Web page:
Saturday, November 20, 2010

Beer in China

In my previous post, I discussed my recent trip to the People's Republic of China. As promised, the topic of this post will be the beer that I consumed while on my trip. Unfortunately, most Asian brews seem to be standard American-style mass-produced lagers. I only had one Chinese beer, and that was the ubiquitous Tsingtao. To me, it seemed no different than a Bud Light or a Miller Lite. I also had pints of two other Asian beers that were of similar quality. The first was Tiger beer from Singapore. The second was San Miguel from the Philippines. Neither was particularly memorable.

While I was in Shanghai, I stayed at the SwissĂ´tel Grand Shanghai. The hotel is in the Jing'an District which is one of the more Western-oriented areas of Shanghai. Therefore, I was able to enjoy several European beers during my stay. The first was a draft of Kilkenny at Malone's American Cafe which is just down the street from the hotel. Kilkenny is an Irish cream ale. It is sort of a cross between stablemates Guinness and Smithwick's. The taste is Irish red with the creaminess of an Irish stout. I really enjoyed Kilkenny, but it does not yet have much of a foothold here in the US. The next draft was also at Malone's, but it was not a beer. Strongbow is a cider produced by English cider maker Bulmers. I honestly did not know was I was getting when I ordered the drink, but I was pleasantly surprised with the cider that I received.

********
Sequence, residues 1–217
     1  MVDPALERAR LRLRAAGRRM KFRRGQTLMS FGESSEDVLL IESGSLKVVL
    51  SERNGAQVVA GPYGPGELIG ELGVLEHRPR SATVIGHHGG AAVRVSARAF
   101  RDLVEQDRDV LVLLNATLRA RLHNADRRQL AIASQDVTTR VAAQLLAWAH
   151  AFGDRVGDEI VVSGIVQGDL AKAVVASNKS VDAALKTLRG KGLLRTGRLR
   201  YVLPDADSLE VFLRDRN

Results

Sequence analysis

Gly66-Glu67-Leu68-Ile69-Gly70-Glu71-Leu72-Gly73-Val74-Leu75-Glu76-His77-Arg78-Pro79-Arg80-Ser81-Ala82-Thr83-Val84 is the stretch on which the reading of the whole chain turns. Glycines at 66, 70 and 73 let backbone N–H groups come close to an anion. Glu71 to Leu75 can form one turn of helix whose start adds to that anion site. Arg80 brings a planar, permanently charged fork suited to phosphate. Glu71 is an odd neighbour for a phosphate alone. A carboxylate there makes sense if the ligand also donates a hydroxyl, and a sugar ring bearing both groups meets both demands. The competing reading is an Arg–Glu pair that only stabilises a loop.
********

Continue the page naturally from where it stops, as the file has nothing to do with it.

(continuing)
Finally, I had two beers from Erdinger Weissbräu in the steakhouse inside my hotel. Erdinger is a German brewery. I had a bottle of their weissbier and a bottle of their dunkel. The weissbier is an hefeweizen, and the fact that I enjoyed it should be no surprise given my preference for style. The dunkel is actually a weissbier dunkel (or dunkelweizen) which is basically a dark wheat beer with a maltier taste. I think I enjoyed the darker beer even more than the lighter version.

Incidiently, Erdinger checks the letter 'E' off the list for my self-assigned task of consuming a beer from a brewery for each letter of the alphabet. However, I think the large brewing companies makes covering the entire alphabet a bit ridiculous. It is often difficult to decide exactly what to label the brewer for a particular beer. For example, the letter 'I' is covered on the Beer List by Boddingtons Pub Ale which was originally brewed by Strangeways Brewery which was sold to Whitbread Beer Company which was acquired by Interbrew which was included in a merger to become InBev, and is now part of corporate giant AB InBev. None of which is relevant to the beers I drank in China.

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